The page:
In my humble opinion, Anthony Newley isn’t remembered enough as it is; the last thing he deserves is to be only remembered for this kind of unproven and un-provable accusation, though this pernicious trend now appears to be the default setting of so many seeking attention that even if Sacha Newley doesn’t suggest his father acted inappropriately towards him (and he mercifully doesn’t), the damage is already being done to a life and a reputation.

It’s a strong, sorry possibility that half-a-decade of relentless post-Savile historical revisionism has now served to cultivate the belief that every man in the 60s and 70s expressing his natural red-blooded tendencies with willing and consenting women of a legal age was a retrospective rapist at best or Paedo at worst. Sacha Newley’s irresponsible comments have poured further fuel on a fire that shows no sign of burning itself out because there is now an entire industry that relies upon the heat it generates. And those flames don’t distinguish between the guilty and the innocent.

© The Editor

https://www.amazon.co.uk/Mr-Yesterday-Johnny-Monroe/dp/154995718X/ref=sr_1_1?s=books&ie=UTF8&qid=1510941083&sr=1-1

ANGELA’S ASHES

This has not been a good week for world leaders who’ve overstayed their welcome. Robert Mugabe had to be effectively woken-up in order to be notified he’d been overthrown by a military coup; and Angela Merkel’s twelve-year reign as German Chancellor seems less secure now than it has at any time since her rise to power. Not that you’d know it from her body language, however; with the characteristic arrogance that has become a hallmark of the institution Frau Merkel sponsors – the EU – Germany’s figurehead is carrying on regardless. Her party achieved its lowest share of the popular vote since 1949 in September’s Federal Election and a Government still hasn’t been formed, yet Merkel’s failure to cobble together a coalition from the chaos appears to be a mere storm in a democratic teacup to a woman whose dominance of German politics in the post-war era can only be matched by that of her one-time mentor, the late Helmut Kohl.

One thing you can say in Tony Blair’s favour (okay, I realise that’s not easy) is that he timed his exit at precisely the right moment, just on the cusp of an imminent economic crash he left his hapless successor to deal with. He didn’t wait to be pushed; he jumped. For politicians with a decade or more as top man to their name, such second-sense skills are rare. After that long in power, the talent that propelled them to the pinnacle is usually numbed by a notion of unassailable invincibility that generally tends to constitute their downfall; Mrs T inevitably springs to mind. One wonders if Angela Merkel has finally reached the point in 2017 that Maggie reached in 1990.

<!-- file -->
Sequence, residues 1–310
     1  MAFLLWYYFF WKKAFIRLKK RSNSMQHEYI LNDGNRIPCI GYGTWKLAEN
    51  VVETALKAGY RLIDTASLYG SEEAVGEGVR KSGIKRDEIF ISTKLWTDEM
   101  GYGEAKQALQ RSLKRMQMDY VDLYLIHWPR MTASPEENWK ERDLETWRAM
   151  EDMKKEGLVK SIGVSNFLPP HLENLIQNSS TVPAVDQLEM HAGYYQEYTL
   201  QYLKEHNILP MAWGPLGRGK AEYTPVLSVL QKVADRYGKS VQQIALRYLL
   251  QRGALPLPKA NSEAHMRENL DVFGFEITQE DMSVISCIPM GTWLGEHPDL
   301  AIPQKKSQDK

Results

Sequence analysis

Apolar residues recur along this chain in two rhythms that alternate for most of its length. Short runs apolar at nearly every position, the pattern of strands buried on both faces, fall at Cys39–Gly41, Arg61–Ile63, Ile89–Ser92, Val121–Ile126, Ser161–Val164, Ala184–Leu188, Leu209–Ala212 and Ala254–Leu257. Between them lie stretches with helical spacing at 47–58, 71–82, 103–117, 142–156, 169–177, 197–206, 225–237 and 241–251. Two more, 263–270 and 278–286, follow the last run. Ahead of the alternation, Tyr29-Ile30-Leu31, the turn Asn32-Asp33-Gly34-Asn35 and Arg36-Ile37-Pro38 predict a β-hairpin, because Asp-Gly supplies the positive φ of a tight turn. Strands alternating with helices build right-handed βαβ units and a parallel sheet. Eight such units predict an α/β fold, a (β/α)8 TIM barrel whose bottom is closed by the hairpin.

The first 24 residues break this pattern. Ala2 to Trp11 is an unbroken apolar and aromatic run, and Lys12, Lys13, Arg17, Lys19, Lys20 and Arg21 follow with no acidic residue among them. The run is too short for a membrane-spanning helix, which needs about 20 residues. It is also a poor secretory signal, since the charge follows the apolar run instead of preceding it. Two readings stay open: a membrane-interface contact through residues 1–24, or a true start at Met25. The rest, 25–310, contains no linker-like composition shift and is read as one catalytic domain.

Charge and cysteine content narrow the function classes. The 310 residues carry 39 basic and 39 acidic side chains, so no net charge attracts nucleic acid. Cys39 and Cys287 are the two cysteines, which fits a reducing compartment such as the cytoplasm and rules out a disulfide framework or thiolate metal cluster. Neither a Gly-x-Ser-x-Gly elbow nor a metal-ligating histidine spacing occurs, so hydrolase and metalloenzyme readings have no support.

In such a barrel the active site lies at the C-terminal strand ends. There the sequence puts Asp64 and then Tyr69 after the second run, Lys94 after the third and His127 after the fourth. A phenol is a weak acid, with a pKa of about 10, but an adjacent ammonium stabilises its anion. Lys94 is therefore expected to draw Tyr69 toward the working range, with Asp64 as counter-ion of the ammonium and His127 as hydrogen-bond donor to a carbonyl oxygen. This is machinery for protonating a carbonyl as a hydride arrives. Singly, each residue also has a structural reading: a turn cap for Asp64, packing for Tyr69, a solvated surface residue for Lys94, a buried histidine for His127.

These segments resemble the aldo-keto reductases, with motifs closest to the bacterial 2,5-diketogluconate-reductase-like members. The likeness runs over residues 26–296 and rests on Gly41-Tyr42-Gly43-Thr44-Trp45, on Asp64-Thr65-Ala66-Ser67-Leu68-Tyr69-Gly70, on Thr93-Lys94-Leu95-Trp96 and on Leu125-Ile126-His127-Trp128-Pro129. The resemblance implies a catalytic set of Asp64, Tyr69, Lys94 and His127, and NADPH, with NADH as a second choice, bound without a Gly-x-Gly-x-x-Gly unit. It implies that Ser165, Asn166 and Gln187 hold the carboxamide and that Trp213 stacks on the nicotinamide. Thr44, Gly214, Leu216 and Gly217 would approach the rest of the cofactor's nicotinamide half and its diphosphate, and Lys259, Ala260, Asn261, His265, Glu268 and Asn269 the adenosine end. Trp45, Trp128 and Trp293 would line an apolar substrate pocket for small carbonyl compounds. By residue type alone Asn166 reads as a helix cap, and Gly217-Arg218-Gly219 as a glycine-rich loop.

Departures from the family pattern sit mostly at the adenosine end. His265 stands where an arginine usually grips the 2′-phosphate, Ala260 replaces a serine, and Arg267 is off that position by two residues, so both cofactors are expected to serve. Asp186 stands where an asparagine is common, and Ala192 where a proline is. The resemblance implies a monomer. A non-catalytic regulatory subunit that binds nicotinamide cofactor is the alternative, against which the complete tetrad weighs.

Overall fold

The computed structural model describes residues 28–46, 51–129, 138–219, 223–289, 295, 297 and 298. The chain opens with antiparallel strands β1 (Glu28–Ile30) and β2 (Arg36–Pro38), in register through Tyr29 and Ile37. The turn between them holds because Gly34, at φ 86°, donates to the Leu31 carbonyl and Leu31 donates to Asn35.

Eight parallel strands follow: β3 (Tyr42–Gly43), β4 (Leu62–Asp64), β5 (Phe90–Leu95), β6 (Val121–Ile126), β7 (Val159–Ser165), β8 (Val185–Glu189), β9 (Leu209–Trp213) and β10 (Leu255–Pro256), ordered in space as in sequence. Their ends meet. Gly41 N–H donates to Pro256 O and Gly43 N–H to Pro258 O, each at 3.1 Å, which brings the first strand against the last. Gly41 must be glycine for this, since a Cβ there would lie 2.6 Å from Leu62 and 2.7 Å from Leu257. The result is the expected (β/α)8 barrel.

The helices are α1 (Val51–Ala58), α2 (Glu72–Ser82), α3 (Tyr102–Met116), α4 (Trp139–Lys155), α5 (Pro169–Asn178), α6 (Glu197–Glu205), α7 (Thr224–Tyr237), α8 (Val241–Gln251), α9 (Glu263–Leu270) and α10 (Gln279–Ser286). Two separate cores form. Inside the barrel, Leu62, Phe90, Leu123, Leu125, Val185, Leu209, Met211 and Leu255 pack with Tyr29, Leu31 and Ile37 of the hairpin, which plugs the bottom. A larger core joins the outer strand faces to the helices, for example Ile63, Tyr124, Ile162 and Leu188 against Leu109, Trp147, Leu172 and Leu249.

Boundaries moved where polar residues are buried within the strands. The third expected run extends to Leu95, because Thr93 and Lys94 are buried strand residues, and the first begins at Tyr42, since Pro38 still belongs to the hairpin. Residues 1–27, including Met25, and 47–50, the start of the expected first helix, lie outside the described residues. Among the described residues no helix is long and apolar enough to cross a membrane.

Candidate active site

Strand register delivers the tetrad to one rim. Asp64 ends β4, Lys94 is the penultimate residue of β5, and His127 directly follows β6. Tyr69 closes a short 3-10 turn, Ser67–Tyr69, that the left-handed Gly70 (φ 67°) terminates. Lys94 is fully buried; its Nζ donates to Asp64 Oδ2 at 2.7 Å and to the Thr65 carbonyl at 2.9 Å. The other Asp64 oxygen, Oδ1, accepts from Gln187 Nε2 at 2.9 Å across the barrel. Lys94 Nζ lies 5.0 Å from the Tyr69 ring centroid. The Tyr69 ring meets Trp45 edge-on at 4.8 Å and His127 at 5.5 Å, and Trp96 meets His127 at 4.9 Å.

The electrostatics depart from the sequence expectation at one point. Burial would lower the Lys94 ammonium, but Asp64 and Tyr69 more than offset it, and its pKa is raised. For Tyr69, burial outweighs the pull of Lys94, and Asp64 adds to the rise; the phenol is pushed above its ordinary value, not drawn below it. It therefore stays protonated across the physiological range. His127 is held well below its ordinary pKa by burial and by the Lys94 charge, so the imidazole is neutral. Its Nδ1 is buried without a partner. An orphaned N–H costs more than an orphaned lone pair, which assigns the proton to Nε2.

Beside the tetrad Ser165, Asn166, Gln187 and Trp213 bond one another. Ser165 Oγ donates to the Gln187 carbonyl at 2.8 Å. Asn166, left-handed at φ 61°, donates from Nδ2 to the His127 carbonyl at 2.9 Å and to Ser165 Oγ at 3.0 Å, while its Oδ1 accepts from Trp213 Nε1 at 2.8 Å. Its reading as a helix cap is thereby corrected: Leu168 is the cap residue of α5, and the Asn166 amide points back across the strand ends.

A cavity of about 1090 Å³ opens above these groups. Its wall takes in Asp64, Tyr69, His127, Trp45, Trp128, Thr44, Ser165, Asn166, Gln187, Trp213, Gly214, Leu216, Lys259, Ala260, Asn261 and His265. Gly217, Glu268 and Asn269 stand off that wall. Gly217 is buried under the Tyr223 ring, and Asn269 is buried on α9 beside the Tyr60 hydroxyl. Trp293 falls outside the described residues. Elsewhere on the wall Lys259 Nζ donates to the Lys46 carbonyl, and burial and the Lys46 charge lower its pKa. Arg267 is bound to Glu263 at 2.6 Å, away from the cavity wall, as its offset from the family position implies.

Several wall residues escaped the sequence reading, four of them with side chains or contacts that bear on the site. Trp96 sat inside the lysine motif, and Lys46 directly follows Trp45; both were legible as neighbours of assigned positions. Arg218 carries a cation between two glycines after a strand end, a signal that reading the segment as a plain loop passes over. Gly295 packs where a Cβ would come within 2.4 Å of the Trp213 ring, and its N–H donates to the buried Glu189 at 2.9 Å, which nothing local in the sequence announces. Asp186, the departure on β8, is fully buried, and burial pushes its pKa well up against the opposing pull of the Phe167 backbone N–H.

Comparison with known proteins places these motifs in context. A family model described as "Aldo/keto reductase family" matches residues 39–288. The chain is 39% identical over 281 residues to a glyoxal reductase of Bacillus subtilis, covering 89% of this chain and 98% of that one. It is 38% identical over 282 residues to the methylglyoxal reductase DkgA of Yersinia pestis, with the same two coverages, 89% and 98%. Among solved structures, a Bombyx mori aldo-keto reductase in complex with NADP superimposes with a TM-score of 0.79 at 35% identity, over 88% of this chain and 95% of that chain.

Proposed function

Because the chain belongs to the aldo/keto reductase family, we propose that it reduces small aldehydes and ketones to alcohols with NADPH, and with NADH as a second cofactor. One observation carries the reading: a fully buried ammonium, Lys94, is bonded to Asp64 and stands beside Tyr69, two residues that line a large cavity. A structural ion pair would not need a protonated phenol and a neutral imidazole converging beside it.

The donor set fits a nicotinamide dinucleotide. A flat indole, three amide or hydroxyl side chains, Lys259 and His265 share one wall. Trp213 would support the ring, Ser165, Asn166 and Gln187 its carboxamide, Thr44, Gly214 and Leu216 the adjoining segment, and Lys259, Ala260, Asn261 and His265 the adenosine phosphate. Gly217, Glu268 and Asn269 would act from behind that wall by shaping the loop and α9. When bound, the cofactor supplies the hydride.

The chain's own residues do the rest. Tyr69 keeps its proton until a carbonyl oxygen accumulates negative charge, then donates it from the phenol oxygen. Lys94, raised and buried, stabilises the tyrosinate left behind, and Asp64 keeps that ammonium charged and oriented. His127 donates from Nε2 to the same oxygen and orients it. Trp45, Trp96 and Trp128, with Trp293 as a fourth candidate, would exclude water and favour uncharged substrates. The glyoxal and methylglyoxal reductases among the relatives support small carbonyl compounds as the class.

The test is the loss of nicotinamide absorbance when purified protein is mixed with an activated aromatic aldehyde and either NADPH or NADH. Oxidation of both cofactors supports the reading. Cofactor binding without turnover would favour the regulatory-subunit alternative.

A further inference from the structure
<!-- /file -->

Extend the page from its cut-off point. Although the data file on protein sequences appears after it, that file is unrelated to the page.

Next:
Theresa May’s unconvincing assertion that she intends to go ‘on and on’ a few months back was either a grandiose act of self-delusion on the part of the PM or Central Office propaganda that few of even her most devoted insiders swallowed without coughing-up again seconds later. When it comes to her counterpart in Central Europe, however, I have little doubt Merkel herself is a serious subscriber to her own political immortality. September’s abysmal election result, especially following the historic landslide victory of four years before, doesn’t seem to have dented Merkel’s conviction that nobody else is capable of controlling her country, and she’s prepared to go back to the German electorate if need be to ensure her survival after the collapse of coalition negotiations.